Published on 09/06/17

Create emergency preparedness kit, family plan for National Preparedness Month

By Merritt Melancon, Michael J. Martin

As Atlantic hurricane season peaks, Georgians may be uncertain about how to prepare for an emergency.

The state may not be directly affected by a hurricane, floods or high winds from a storm this year, but it’s always good to be prepared. September is National Preparedness Month, and University of Georgia Cooperative Extension and the Georgia Emergency Management and Homeland Security Agency have resources available to help Georgians prepare for an emergency.

Whether it’s a September hurricane, a March ice storm or an April tornado, the basics of emergency preparedness remain the same despite the weather event.    

Emergency Kits

Families should plan for their needs as if they will be unable to leave the house or they will have to evacuate due to safety concerns. There are simple steps families can take to prepare.

First, assemble two emergency kits, one for the house and one to take in the case of an evacuation. An emergency kit should contain enough items to supply food and water for the family for at least three days. A kit for the house may contain:

  • 1 gallon of water per person, per day
  • Nonperishable food
  • A battery- or crank-powered weather-alert radio
  • Extra batteries
  • Flashlight
  • First aid kit
  • Prescription medications
  • Manual can opener
  • Personal care products
  • Food and water for pets
  • Entertainment items that don’t depend on electricity (e.g., books, playing cards, crayons and coloring books)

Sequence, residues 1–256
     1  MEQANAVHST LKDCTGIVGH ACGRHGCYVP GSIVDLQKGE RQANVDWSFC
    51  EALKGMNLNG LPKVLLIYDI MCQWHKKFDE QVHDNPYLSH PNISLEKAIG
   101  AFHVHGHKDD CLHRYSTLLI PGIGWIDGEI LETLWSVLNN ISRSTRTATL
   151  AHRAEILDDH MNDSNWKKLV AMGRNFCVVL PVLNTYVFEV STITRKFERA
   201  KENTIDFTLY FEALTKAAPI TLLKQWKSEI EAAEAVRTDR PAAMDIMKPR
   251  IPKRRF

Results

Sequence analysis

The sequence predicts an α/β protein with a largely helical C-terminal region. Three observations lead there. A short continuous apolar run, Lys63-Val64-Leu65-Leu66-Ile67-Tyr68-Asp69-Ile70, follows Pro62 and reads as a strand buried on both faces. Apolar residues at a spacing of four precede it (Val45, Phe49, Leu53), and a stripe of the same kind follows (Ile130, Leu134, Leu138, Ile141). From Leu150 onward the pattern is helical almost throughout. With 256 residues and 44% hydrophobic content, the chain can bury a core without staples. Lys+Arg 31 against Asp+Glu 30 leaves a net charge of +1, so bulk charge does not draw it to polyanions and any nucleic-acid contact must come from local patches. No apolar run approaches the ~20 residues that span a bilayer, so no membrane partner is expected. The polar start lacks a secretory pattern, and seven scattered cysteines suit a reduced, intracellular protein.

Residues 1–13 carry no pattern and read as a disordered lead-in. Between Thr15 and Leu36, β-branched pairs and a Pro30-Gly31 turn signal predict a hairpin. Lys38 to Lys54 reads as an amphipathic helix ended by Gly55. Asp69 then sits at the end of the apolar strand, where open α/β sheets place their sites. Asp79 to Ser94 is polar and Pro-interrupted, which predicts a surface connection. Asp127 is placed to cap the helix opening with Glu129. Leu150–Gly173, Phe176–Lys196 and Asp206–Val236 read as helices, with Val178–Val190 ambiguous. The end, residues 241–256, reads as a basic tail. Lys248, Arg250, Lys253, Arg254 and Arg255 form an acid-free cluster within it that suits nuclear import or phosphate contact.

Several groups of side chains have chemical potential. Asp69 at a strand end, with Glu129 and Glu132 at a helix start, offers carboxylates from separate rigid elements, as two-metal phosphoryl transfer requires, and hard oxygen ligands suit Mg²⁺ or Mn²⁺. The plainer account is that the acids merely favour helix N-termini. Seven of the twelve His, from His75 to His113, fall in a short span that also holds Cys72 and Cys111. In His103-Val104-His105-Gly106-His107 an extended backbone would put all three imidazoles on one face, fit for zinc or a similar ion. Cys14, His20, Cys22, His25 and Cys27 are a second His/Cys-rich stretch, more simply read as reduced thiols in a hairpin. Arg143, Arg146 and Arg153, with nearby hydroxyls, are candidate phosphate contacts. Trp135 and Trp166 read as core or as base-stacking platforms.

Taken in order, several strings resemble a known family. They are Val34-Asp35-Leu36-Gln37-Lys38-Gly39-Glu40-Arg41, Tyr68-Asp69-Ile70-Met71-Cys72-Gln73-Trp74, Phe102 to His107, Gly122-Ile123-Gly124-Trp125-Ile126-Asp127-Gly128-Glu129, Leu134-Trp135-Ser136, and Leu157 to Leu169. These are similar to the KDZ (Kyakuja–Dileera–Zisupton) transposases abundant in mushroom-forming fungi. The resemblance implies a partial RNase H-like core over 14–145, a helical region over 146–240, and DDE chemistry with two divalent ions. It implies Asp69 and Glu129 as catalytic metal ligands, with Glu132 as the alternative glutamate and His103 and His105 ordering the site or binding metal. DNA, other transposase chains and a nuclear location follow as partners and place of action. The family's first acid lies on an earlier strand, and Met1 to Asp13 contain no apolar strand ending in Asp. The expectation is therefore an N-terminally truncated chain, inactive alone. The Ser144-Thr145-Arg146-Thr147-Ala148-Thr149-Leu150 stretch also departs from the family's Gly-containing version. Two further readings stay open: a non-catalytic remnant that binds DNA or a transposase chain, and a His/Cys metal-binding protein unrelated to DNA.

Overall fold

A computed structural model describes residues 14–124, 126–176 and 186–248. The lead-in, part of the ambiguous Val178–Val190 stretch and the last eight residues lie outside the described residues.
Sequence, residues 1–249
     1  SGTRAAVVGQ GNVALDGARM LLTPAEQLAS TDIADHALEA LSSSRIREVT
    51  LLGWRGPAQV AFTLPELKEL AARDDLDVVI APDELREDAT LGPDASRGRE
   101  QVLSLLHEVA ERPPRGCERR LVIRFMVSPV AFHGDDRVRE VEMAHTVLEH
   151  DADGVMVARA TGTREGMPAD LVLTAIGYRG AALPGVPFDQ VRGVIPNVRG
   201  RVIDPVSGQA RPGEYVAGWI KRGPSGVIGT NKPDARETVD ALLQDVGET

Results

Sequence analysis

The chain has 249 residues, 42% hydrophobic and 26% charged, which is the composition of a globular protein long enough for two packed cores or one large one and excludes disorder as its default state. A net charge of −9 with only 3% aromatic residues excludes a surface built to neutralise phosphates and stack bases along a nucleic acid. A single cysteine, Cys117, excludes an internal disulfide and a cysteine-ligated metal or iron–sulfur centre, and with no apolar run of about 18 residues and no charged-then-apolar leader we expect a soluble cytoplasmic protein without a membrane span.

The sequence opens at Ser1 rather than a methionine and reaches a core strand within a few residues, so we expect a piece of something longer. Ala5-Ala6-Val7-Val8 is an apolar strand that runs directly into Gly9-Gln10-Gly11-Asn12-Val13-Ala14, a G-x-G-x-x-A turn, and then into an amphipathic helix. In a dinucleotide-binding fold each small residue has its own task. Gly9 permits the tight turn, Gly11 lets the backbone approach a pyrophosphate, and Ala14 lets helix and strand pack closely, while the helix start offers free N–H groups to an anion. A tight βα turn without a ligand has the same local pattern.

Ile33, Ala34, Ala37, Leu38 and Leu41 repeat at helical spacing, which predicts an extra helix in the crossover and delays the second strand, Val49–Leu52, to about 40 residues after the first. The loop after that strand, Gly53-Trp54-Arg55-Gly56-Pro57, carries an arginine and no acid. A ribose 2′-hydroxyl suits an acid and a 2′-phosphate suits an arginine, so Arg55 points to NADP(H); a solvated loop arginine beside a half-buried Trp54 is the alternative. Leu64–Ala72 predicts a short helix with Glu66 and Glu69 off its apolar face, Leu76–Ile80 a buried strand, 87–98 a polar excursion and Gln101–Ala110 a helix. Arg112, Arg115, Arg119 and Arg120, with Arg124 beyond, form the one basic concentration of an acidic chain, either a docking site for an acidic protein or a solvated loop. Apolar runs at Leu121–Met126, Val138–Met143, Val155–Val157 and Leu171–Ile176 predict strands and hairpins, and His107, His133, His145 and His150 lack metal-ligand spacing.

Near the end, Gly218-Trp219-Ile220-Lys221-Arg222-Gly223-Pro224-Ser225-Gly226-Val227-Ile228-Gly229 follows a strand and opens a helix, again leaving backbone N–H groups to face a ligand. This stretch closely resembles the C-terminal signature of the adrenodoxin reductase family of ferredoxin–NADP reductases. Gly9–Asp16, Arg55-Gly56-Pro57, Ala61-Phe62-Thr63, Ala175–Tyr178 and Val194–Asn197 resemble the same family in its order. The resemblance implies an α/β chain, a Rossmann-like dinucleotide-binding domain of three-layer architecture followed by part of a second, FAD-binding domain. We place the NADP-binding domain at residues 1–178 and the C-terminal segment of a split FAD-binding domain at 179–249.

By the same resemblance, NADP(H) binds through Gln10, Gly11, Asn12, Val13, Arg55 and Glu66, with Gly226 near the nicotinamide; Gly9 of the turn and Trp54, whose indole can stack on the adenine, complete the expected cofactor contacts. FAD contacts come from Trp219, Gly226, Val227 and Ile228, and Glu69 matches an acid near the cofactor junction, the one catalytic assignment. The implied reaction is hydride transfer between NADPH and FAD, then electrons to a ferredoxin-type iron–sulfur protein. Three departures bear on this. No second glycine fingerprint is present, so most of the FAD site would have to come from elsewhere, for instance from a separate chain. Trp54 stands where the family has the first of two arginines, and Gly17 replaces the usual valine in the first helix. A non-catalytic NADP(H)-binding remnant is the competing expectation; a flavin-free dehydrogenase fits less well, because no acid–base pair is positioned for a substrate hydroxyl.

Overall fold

Keep these emergency items in an easy-to-carry plastic container or duffle bag. For more information on preparing an emergency kit, go to

Emergency Plans

In addition to an emergency kit, every family should write a communication plan that includes emergency contact phone numbers.

Family members may get separated during a disaster, so identify a person in another location, or even in another state, that each family member should contact. Consider identifying a common meeting place for family members to converge should the family be unable to return home.

All family members, even children, should be familiar with the emergency plan.

In an emergency, families may have to leave their homes quickly. If evacuation is necessary, listen to the radio for more information and follow the guidance of emergency personnel.

Keep a car’s gas tank at least half full. In an emergency, fuel may not be available or accessible.

Make sure all family members know:

  • Best exits out of the house
  • A community meeting place
  • Call numbers for the local radio station
  • Location of the emergency grab bag
  • Plans for pets and livestock care
  • Plans for movement of family members with special needs, such as the elderly or disabled

For more information on creating emergency preparedness plans, go to To learn more about how to prepare for and recover from a weather emergency, visit the UGA Extension emergency preparedness website at or

Merritt Melancon is a public relations manager with UGA's Terry College of Business and previously served as a public relations coordinator for the UGA College of Agricultural and Environmental Sciences and UGA Extension.

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